The breast cancer journey is full emotion. If you’ve had a mastectomy because of breast cancer, you may be wary of having yet another procedure such as breast reconstructive surgery, a procedure that restores symmetry between the two breasts by replacing skin, breast tissue and the removed nipple. Let us put your mind at ease about breast reconstruction by answering these frequently asked questions.
How do I know if it’s right for me?
The decision to undergo breast reconstruction is a highly personal and often difficult one to make. Many women choose to wear breast forms or pads instead of undergoing surgery, while others may feel that reconstructive surgery will give them psychological benefits like an overall sense of wellness. If you do choose breast reconstruction, be aware that there are options; you can choose to either get breast implants or have a flap procedure, during which your surgeon will your own tissue from another part of your body, such as the abdomen or back.
When should I have breast reconstruction?
The best time to have reconstruction surgery depends on your medical conditions, cancer treatment and basic desire for the procedure. It can be done at the same time as breast removal or later on in life. Talk to your doctor to help decide the best timing for you.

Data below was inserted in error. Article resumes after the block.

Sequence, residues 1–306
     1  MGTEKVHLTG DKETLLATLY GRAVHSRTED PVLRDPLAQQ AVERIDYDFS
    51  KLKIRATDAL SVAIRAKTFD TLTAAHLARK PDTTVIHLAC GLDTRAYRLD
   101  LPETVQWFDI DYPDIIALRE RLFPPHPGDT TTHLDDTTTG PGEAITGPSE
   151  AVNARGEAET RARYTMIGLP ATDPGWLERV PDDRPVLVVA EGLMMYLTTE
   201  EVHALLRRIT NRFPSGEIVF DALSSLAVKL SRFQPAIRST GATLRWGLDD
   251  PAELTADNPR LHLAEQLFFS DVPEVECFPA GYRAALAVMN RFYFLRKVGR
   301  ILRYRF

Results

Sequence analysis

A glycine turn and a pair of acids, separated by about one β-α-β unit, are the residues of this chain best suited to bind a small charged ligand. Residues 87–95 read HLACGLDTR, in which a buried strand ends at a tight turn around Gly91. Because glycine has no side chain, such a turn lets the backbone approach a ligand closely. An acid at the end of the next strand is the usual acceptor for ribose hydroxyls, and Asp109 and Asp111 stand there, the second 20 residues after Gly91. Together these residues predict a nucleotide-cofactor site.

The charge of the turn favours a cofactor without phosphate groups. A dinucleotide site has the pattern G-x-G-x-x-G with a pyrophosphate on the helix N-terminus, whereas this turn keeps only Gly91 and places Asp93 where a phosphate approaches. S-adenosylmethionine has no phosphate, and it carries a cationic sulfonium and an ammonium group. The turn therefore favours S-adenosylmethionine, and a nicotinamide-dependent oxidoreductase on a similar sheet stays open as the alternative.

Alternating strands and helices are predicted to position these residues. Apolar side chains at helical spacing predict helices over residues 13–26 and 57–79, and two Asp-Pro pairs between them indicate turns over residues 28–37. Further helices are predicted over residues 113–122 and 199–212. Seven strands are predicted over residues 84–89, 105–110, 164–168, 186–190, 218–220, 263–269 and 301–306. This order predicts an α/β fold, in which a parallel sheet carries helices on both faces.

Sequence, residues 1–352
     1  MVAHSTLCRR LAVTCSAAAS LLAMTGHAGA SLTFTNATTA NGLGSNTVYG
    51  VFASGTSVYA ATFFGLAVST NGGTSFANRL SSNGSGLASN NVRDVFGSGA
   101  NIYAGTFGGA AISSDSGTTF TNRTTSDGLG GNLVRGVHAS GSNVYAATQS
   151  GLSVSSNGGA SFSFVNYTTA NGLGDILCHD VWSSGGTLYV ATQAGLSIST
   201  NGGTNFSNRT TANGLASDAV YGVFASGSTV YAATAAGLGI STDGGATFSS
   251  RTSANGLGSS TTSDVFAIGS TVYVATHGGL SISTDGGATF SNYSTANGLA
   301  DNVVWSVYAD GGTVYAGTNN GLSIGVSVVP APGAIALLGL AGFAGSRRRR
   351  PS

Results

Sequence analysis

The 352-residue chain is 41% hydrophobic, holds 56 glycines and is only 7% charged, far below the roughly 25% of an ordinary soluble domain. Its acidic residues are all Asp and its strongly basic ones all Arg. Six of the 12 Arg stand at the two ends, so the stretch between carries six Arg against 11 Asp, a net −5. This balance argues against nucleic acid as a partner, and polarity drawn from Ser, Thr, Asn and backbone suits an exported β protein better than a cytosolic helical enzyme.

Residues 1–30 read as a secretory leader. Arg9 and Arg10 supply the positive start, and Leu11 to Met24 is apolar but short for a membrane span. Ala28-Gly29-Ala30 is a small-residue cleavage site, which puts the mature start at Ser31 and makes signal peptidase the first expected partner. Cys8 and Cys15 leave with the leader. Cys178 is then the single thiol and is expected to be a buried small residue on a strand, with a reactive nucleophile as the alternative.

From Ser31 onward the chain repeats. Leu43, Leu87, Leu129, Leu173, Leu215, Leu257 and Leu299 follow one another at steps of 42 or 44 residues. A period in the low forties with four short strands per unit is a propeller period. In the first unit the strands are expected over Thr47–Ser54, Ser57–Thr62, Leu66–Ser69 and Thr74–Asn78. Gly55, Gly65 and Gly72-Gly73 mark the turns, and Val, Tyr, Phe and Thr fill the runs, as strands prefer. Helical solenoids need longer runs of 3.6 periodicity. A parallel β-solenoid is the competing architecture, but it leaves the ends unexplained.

Is breast reconstruction cosmetic surgery?
Breast reconstruction surgery is considered part of treating a disease and is not considered a cosmetic procedure. In fact, according to the law, insurance providers cannot deny coverage.
How soon will I fully recover from surgery?
The typical hospital stay is one to two days for implants and five to six days if you have the flap procedure. You can expect swelling, bruising and soreness for up to three weeks, and most women return to normal activities in as little as six weeks post-surgery. Over the following months, you’ll begin to notice gradual improvement to the shape of your reconstructed breast.